• Industrial dust is a known cause emphysema. It can come from many materials, including wood, cotton, coal, asbestos, silica, talc, metal, fiberglass, pesticides, grain, coffee, and drug/enzyme powder.
    • Smoke from any burning organic material can cause emphysema. Firefighters often develop emphysema due to occupational exposure to smoke.
    • Gaseous vapors put out by solvents and other liquids can irritate the nose and throat, and can eventually cause emphysema.
    • Mist from paint, lacquer, hair spray, pesticides, cleaning products, oils, acids, and solvents can all cause emphysema.
    • Fumes from metal that has been heated and cooled quickly are a frequent cause of emphysema. If you work in welding, smelting, furnaces, pottery, plastics, or rubber manufacturing, take every precaution.
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    Take safety precautions in hazardous work environments. If you cannot avoid exposure to hazardous conditions in your workplace, you can take safety precautions to at least limit your exposure. Safety equipment like respirators and ventilation systems can help reduce how much of a given hazard your lungs are exposed to.[11]
    • Wear a respirator whenever you're exposed to hazardous conditions. Make sure it's fitted properly so it will work effectively on your face.
    • Let your supervisor know about your concerns regarding your workplace.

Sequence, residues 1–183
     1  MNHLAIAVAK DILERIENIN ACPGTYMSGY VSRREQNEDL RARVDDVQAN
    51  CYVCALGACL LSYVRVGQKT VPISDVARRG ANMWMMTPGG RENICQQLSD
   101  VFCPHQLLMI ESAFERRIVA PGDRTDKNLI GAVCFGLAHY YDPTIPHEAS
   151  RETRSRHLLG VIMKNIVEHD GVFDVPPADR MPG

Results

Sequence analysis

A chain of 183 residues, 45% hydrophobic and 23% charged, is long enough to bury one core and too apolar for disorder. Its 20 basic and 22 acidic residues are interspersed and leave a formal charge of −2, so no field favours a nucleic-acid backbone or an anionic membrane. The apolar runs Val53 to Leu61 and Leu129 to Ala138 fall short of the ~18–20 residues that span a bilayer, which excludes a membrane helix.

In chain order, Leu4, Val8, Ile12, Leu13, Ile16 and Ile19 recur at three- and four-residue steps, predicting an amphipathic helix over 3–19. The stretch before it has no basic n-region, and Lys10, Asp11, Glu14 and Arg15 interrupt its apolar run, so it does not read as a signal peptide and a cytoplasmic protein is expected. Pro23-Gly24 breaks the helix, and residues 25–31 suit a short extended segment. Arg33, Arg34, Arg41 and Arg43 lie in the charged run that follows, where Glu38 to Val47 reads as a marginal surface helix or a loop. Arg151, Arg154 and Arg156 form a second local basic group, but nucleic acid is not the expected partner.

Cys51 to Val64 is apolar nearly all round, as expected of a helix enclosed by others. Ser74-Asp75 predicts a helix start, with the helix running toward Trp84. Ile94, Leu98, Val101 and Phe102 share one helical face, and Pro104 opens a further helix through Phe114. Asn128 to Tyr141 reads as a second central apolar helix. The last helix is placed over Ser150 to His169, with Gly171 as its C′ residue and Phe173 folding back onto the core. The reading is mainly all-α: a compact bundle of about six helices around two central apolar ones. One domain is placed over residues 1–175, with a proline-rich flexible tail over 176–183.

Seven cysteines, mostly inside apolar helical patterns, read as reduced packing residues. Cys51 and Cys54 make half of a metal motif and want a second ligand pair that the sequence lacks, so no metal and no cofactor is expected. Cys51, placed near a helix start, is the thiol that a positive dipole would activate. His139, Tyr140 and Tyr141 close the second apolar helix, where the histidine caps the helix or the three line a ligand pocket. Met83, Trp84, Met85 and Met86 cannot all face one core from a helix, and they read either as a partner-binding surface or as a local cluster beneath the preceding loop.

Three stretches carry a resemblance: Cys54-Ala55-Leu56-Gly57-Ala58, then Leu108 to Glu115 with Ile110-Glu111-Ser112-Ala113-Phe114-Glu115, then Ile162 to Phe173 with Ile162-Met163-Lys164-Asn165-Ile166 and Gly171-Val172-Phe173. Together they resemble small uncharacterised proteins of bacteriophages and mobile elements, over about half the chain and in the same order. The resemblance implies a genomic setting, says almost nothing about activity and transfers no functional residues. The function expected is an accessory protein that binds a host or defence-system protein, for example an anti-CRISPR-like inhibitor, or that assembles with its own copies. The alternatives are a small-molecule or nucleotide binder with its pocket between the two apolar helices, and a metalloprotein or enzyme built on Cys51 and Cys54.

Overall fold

• Urge your supervisor to increase ventilation in the workplace.
    • Ask about other ways you can limit or avoid exposure to the hazardous conditions.
    • If your supervisor does not take your concerns seriously, try speaking with a higher supervisor or union member (if you are part of a labor union).

Part 2
Seeking Medical Help

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    Identify the symptoms of emphysema. If you are or have been a smoker, if you have a family history of emphysema, or if you work in hazardous conditions, you may be at risk of developing emphysema. By knowing the symptoms, you can prepare yourself by understanding what to look for and when to be concerned.[12] Talk to your doctor if you experience any of the following symptoms on a regular basis:
    • Wheezing and shortness of breath
    • Difficulty performing light exercise, such as climbing stairs
    • Long-term, hacking cough (often called "smoker's cough")
    • Long-term production of mucus (especially yellow/greenish mucus)[13]
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    Test your lung capacity at home. If you're concerned about your potential for having acquired emphysema, you may want to test your own lung capacity at home. While this is not a substitute for a proper medical examination, it can help give you some idea of how good or bad your lungs are.[14]
    • Take a full breath and hold it for one second.
    • Blow out the air as hard and as fast as you're able to.
    • Your lungs should be completely empty in under six seconds.
    • If it takes you longer than six seconds to completely empty your lungs, you may have some type of obstruction or limitation on your airways' capacity to breathe.
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    See your doctor as soon as you notice symptoms. If you notice any symptoms of emphysema and you've been having a hard time breathing, it's important to get checked out right away. While there is no cure for emphysema, getting treatment early on and making the necessary lifestyle changes can help slow the progression of emphysema and may improve your quality of life.[15]